Even Supreme Court judges going abroad will have to be cleared by him.

“After taking over as the chief justice, I discussed with some of my predecessors, took their advice on how to carry out my responsibilities.

“I had a number of meetings with Prime Minister Sheikh Hasina. She never comments on the judiciary and does not interfere in judicial matters.”

On Monday, Janakantha’s counsel Salahuddin Dolon produced a transcript of a telephone conversation between the Chief Justice and someone else, which the defence claimed was a discussion on war crimes convict Chowdhury’s appeal and a case on BNP leader Moudud Ahmad’s house.

The chief justice said the transcript was about a discussion he had with another judge and accused the ‘Janakantha’ editors for trying to ‘mislead the court’ even after a rule has been issued against them for a ‘defamatory’ article.

The same day Ekattor TV ran a news report, in which the conversation was aired.

Later, participants in its talk show ‘Ekattor Journal’ discussed the audio tape of the conversation.

The next day, in a suo moto rule, the Supreme Court ordered submission of the video footage of the talk show and news report by Aug 16.

In March 2014, the Supreme Court had punished Bengali daily Prothom Alo’s Joint Editor Mijanur Rahman Khan after finding him guilty of contempt for an article he wrote.

Prothom Alo editor Matiur Rahman was acquitted as he had issued an unconditional apology.

The apex court had then warned Prothom Alo and all other media against publishing articles on the judiciary.


Full text of the Order:

Uploaded By : Rayhan Rashid
This item has been recorded here as part of ICSF's Media Archive Project which is a crowd sourced initiative run by volunteers, a not for profit undertaking to facilitate education and research. The objective of this project is to archive media items generated by different media outlets from around the world - specifically on 1971, and the justice process at the International Crimes Tribunal of Bangladesh. This archive also records items that contain information on commission, investigation and prosecution of international crimes around the world generally. Individuals or parties interested to use content recorded in this archive for purposes that may involve commercial gain or profit are strongly advised to directly contact the platform or institution where the content is originally sourced.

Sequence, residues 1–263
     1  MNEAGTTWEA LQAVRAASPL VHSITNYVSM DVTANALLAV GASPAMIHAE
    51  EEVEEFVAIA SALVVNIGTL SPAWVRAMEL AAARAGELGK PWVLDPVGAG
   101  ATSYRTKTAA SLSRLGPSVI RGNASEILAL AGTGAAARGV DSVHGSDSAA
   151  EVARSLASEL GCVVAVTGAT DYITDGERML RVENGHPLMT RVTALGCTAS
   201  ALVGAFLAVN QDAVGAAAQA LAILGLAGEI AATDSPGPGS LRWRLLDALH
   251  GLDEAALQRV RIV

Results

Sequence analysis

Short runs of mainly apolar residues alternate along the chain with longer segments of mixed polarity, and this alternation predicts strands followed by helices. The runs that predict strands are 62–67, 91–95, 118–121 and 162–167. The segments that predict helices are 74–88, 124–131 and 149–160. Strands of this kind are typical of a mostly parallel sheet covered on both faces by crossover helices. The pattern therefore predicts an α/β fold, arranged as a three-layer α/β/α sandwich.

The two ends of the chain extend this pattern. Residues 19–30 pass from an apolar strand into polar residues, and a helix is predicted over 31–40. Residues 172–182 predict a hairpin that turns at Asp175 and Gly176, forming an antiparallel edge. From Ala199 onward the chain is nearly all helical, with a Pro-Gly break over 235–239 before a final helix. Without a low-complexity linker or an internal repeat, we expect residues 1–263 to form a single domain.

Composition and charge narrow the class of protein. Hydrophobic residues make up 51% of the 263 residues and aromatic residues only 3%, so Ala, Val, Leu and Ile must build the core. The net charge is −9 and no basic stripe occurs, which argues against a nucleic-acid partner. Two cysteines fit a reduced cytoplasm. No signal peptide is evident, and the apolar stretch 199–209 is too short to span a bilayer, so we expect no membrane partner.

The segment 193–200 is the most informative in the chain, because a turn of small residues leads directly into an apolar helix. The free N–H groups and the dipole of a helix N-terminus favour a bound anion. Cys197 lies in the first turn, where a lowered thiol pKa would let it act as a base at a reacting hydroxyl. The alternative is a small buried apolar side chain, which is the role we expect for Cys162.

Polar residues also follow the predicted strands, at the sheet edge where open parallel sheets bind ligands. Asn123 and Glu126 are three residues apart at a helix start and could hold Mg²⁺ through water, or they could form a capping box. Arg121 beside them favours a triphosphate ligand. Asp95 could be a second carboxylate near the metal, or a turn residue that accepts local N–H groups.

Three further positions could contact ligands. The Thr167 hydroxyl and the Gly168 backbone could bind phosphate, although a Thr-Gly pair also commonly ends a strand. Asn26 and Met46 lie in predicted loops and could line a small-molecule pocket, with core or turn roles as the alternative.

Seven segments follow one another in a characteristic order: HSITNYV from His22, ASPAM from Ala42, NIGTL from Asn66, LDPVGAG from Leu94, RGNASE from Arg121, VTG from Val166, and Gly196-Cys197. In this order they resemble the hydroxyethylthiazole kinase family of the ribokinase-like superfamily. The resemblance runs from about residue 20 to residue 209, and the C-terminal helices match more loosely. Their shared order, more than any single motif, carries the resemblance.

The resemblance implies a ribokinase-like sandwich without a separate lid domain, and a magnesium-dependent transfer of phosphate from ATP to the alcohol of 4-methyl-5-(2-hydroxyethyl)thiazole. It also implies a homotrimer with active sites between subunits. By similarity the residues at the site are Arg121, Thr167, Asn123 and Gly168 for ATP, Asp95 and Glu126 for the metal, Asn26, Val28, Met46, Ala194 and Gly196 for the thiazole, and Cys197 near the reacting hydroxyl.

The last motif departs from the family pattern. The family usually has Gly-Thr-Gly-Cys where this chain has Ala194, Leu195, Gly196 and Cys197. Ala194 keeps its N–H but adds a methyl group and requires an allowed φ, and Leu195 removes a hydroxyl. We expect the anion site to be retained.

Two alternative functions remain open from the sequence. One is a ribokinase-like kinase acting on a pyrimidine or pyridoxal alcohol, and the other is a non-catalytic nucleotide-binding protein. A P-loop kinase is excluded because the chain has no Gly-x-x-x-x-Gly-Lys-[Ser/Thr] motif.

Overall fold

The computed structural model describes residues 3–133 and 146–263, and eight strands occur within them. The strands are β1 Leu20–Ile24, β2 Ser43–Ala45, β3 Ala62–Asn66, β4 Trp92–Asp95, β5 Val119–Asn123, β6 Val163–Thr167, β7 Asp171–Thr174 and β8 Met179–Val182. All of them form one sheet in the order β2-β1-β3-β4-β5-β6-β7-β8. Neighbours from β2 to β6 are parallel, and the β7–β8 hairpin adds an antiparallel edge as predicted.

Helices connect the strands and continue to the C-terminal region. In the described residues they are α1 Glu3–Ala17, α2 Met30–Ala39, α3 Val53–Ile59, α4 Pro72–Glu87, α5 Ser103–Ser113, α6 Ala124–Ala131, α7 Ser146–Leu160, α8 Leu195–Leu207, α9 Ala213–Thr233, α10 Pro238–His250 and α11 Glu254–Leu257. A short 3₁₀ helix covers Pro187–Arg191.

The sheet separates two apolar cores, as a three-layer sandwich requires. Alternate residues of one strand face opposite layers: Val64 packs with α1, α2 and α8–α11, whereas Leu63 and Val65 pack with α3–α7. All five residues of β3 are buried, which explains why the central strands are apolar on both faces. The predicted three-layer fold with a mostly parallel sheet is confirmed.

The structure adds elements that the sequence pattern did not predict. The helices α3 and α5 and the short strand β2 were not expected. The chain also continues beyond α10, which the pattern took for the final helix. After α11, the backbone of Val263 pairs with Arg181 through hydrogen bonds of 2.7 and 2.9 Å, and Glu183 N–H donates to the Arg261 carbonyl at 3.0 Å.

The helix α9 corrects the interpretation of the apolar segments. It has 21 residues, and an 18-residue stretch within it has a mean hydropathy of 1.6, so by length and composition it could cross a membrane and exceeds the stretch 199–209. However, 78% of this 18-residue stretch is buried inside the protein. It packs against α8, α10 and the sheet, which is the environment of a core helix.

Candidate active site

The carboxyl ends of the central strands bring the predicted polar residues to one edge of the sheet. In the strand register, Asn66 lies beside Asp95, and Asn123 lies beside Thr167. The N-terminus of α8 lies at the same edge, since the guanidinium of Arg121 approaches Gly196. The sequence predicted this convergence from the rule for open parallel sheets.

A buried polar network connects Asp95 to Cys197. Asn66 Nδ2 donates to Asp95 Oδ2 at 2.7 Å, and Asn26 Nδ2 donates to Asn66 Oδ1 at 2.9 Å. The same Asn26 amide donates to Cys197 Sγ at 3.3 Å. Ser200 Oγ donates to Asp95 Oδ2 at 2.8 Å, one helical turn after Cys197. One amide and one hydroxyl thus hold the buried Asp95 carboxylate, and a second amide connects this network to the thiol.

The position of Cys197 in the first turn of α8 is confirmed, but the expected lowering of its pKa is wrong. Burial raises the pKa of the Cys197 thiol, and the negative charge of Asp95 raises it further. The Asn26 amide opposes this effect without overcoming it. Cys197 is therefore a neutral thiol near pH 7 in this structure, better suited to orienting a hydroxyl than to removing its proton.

Facebook Comments


Leave a Reply

Your email address will not be published. Required fields are marked *

Facebook Comments


Archive I: Media Archive

Archives news reports, opinions, editorials published in different media outlets from around the world on 1971, International Crimes Tribunal and the justice process.

Archive II: ICT Documentation

For the sake of ICT’s legacy this documentation project archives, and preserves proceeding-documents, e.g., judgments, orders, petitions, timelines.

Archive III: E-Library

Brings at fingertips academic materials in the areas of law, politics, and history to facilitate serious research on 1971, Bangladesh, ICT and international justice.

Archive IV: Memories

This archive records from memory the nine-month history of 1971 as experienced and perceived by individuals from all walks of life.